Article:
You’ll remember that I wrote about my confusion over the disparagement of “Ma’am” as a form of address. Well, in England I’m apparently “Mrs. Erin Penner,” a term that I find really confusing (either Ms. Penner or Mrs. Sydney Penner, but Mrs. Erin Penner?). As far as personal tics go, “Mrs. Penner” always makes me feel a bit like a kindergarten teacher (always amusing), and I like “Ms.,” just because it has some of the simplicity that “Mr.” does, though I realize other people read this as a strong feminist streak coming through; in truth, I like “Ms.” because it means no one has to guess about my marital status or wonder whether “Sydney” is my name or my husband’s. My English bank cards read “MRS E PENNER”; who knew that banks cared about your title?
At any rate, I liked this recent post from Miss Manners on the subject:
“You cannot imagine — evidently — how weary Miss Manners is of hearing idiosyncratic interpretations of female terms of respect: “It makes me feel old,” ”It’s disrespectful to my husband,” ”My husband doesn’t own me,” and so on.
“These are courtesy titles, ladies (and no, please don’t tell Miss Manners how bad “ladies” makes you feel). They are not intended to characterize you, other than as a female who is due respect.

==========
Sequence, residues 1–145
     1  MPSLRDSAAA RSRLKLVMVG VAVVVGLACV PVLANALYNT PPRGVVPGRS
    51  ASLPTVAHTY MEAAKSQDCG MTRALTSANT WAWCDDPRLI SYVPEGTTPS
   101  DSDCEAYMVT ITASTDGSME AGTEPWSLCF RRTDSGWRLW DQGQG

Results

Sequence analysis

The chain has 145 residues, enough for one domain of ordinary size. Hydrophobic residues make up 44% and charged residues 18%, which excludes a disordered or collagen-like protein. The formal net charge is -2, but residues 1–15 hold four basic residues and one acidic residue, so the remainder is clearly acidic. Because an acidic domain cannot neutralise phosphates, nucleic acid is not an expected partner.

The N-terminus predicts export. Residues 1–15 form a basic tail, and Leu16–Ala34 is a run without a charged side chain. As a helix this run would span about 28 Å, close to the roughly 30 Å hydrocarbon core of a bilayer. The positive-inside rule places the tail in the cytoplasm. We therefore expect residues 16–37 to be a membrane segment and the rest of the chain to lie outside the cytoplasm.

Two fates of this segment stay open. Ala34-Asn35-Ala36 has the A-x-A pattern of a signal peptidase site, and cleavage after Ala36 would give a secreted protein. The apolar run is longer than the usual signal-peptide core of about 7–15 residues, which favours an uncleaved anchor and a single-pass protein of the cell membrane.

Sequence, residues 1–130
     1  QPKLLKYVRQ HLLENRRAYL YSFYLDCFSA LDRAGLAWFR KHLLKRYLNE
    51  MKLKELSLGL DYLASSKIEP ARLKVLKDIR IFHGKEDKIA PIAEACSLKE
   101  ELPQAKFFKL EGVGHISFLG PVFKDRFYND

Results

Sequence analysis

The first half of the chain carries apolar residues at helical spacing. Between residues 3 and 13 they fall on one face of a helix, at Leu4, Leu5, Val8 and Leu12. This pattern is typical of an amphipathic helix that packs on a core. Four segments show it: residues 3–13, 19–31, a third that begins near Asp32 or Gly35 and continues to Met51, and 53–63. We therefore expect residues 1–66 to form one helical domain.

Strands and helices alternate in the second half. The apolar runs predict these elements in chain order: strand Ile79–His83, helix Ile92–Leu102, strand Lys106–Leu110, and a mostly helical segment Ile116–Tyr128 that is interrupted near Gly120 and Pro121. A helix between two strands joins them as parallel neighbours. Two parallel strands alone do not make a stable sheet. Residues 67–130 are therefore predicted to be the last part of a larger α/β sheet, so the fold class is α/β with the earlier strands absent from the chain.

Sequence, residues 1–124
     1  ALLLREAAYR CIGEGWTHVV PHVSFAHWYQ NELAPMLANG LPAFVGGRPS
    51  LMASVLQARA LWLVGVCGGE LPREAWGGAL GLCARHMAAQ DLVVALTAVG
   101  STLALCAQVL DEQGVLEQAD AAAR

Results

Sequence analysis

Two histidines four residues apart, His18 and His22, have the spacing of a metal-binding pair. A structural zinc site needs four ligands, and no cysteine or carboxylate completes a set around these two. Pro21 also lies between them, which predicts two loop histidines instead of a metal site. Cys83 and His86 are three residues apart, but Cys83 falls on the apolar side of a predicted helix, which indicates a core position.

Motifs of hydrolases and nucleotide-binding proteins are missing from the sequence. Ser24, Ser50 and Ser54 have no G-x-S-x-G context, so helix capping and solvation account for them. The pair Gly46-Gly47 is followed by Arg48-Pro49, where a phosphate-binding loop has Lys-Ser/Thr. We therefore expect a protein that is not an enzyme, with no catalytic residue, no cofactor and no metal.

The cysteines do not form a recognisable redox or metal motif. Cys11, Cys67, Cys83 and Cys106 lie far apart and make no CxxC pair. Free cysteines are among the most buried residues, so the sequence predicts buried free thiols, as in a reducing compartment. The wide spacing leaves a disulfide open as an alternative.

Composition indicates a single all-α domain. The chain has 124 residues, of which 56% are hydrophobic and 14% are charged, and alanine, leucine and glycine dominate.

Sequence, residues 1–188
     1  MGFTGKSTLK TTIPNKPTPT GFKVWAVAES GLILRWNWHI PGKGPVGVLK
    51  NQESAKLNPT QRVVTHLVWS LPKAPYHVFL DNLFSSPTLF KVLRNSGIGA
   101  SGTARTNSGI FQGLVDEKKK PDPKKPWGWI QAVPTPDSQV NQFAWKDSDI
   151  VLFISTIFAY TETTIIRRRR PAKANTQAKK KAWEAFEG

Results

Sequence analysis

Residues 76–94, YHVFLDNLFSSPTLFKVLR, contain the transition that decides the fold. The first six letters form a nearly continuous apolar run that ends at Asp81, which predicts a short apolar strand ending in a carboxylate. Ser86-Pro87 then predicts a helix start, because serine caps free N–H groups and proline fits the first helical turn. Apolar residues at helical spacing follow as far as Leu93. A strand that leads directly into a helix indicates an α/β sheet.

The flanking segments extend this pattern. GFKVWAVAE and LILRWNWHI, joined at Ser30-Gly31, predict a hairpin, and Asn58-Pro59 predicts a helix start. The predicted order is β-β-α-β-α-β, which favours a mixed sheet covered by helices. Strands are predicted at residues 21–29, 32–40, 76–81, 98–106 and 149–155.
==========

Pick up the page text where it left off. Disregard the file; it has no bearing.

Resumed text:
“The trouble is that there are too many of them. Uncharacteristically, etiquette has offered a choice.
“Bad idea. It has only led to squabbling when no insults were intended and declarations of feelings when no such outbursts were required.
“Funny — gentlemen just have “Mr.,” and yet most of them manage to open their mail without carrying on about how the envelope makes them feel.
“You are right that people should address you as you wish to be addressed, and that it is ridiculously complicated to find out, in each case, how that is. So a lot of tolerance is required when people guess wrong.
“Chances are that if the message isn’t insulting, the address is not meant to be, either.
“That’s why we prefer standardized etiquette rules, folks.”
As a side note, it appears that even “Mr.” can have its problems: when Sydney gets things addressed to “Mr. S. Penner” it often looks a lot like “Mrs. Penner.”